Items tagged with Global health
In this guest post, Claire Wingfield—product development policy officer at PATH—writes about a new paper exploring why research and development (R&D) of high-priority health tools for diseases and conditions affecting low- and middle-income countries (LMICs) should be a critical component of the post-2015 development agenda.
How a new funding model will shift allocations from the Global Fund to Fight AIDS, Tuberculosis and Malaria (post)
The European Medicines Agency (EMA) supports European Antibiotic Awareness Day (EAAD), which is taking place on Tuesday 18 November. EAAD is organised every year by the European Centre for Disease Prevention and Control (ECDC). It aims to raise awareness of the threat to public and animal health of antimicrobial resistance and the importance of prudent use of antibiotics.
Congress adds $300 million to PEPFAR for FY15, in bill global health advocates say recognizes critical needs (post)
The world’s largest humanitarian and health program dedicated to defeating a single disease will have more to work with in the coming year, with a Congressional spending bill released Tuesday that increases, or maintains from last year’s allocations almost all areas of global health spending for fiscal year 2015. The bill includes a $300 million increase for the President’s Emergency Plan for AIDS Relief over the amount allotted for fiscal year 2014, and over the amount requested by President Obama in his FY15 proposed budget. The allotment of $4.3 billion for PEPFAR restores half of the $600 million in cuts PEPFAR has seen since 2011.
SEATTLE—People are living much longer worldwide than they were two decades ago, as death rates from infectious diseases and cardiovascular disease have fallen, according to a new, first-ever journal publication of country-specific cause-of-death data for 188 countries.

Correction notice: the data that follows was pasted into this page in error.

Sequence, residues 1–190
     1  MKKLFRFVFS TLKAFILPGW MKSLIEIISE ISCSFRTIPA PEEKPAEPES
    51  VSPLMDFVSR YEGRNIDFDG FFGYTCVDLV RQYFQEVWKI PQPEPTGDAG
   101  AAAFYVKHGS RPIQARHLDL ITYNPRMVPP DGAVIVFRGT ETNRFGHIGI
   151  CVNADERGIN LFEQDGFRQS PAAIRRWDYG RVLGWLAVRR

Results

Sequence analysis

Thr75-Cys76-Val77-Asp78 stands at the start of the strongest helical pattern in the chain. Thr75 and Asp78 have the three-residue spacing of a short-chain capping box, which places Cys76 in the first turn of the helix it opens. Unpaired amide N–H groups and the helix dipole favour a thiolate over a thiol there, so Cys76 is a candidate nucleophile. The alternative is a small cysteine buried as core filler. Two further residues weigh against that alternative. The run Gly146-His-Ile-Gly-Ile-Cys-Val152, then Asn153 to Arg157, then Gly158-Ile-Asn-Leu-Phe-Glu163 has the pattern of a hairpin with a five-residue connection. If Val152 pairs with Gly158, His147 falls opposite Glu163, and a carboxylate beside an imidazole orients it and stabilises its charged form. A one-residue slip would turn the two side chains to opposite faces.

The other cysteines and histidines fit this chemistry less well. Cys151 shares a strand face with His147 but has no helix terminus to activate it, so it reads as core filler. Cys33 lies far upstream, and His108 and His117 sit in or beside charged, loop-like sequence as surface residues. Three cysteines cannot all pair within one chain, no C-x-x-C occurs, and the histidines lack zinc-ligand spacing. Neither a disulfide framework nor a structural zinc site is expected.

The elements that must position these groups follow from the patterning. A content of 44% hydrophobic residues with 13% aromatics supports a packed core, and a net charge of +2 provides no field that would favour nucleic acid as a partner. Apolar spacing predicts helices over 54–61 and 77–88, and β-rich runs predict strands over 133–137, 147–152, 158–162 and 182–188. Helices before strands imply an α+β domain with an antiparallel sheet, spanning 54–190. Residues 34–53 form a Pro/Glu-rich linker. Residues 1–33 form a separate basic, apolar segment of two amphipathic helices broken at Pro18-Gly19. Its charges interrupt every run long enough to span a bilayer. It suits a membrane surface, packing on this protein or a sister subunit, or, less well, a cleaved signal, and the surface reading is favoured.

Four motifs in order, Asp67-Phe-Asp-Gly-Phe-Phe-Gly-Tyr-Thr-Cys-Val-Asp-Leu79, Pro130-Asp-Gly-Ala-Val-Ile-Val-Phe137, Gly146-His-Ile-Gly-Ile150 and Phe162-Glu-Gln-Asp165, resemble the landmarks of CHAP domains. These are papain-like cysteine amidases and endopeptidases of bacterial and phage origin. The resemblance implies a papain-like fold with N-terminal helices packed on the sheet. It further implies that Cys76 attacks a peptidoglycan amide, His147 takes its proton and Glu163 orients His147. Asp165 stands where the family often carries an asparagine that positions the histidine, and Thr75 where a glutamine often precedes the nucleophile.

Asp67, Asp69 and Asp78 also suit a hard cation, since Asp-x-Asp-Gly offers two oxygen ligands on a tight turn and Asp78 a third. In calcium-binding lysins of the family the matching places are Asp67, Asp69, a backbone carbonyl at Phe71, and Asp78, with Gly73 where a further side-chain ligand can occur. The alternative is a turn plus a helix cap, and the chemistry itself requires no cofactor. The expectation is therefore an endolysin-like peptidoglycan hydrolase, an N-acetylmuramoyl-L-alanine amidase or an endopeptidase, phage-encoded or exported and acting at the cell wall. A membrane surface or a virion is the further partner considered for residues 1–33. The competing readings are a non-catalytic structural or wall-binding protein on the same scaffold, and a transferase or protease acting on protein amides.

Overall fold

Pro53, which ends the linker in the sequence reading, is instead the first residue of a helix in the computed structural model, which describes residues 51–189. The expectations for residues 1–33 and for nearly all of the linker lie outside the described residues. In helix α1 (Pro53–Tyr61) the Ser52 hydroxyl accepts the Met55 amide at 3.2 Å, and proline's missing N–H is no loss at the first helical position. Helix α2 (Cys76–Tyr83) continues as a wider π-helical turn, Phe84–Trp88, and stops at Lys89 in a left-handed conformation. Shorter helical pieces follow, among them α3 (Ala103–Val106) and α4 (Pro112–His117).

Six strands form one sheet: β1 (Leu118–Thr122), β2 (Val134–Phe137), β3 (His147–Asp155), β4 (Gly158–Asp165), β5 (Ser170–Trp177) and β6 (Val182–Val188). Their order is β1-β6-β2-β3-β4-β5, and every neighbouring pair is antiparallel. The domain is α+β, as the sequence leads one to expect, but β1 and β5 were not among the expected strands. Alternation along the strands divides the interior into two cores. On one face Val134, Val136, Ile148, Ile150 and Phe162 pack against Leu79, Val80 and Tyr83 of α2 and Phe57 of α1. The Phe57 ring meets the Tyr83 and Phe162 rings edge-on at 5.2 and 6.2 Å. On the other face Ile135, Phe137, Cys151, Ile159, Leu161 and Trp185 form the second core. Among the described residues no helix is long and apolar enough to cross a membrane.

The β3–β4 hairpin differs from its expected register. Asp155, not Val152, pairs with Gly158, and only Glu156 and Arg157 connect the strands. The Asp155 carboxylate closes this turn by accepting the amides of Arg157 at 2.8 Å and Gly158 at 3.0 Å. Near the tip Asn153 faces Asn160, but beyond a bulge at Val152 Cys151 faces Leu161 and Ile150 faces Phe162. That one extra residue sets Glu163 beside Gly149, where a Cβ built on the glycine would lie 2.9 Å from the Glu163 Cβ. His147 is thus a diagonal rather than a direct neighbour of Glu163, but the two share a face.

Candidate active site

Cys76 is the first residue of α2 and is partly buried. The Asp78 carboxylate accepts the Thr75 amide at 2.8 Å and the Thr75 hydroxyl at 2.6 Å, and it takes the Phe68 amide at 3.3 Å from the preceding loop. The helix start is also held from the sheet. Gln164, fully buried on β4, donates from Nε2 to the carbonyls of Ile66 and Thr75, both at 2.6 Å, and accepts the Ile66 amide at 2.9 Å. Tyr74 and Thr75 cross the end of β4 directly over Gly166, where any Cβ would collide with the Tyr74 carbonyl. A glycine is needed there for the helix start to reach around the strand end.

When the outbreak of Ebola in West African spiraled out of control in the middle of 2014, health-care advocates pointed to it as a reason why countries like the United States need to engage in health globally. There are many other problems that affect more people than Ebola and that also pose a threat to Americans. It all comes at a time when the United States is making cuts to vital research and development supporting drugs and vaccines for neglected tropical diseases, say advocates.
At high profile India US CEO meeting, President Obama calls for tougher intellectual property protection despite deadly impact on public health (post)
Press Statement: For Immediate Release: January 27 2015
Contact: Matthew Kavanagh, +1 202-486-2488, email@example.com
Asia Russell, +1 267 475 2645, firstname.lastname@example.org
It is no secret that the United States has been scaling up pressure on India to adopt intellectual property measures similar to those common in the United States and the European Union. But to what extent does India’s new government led by the business-friendly Narendra Modi see eye to eye with US official position? Can India, the “pharmacy of the world”, resolve the friction between pharmaceutical patents and access to affordable medicines without putting off foreign investors? The vitriolic and polarising debate surrounding these questions has got a fresh lease of life following US President Barack Obama’s landmark three-day visit to India this week.
In search of sustainable innovation models for cures for diseases affecting primarily developing countries, with the Ebola epidemic as a new reminder of the necessity and urgency of the matter, the World Health Organization had tasked an expert working group with the search for solutions. Last week, the WHO Executive Board took note of the progress made so far.
White House FY 16 budget proposal cuts PEPFAR, cuts $45 million — 19 percent — from current TB funding (post)
Efforts to fight HIV and tuberculosis globally would work with less money overall in fiscal year 2016 under the President’s newly released budget proposal.
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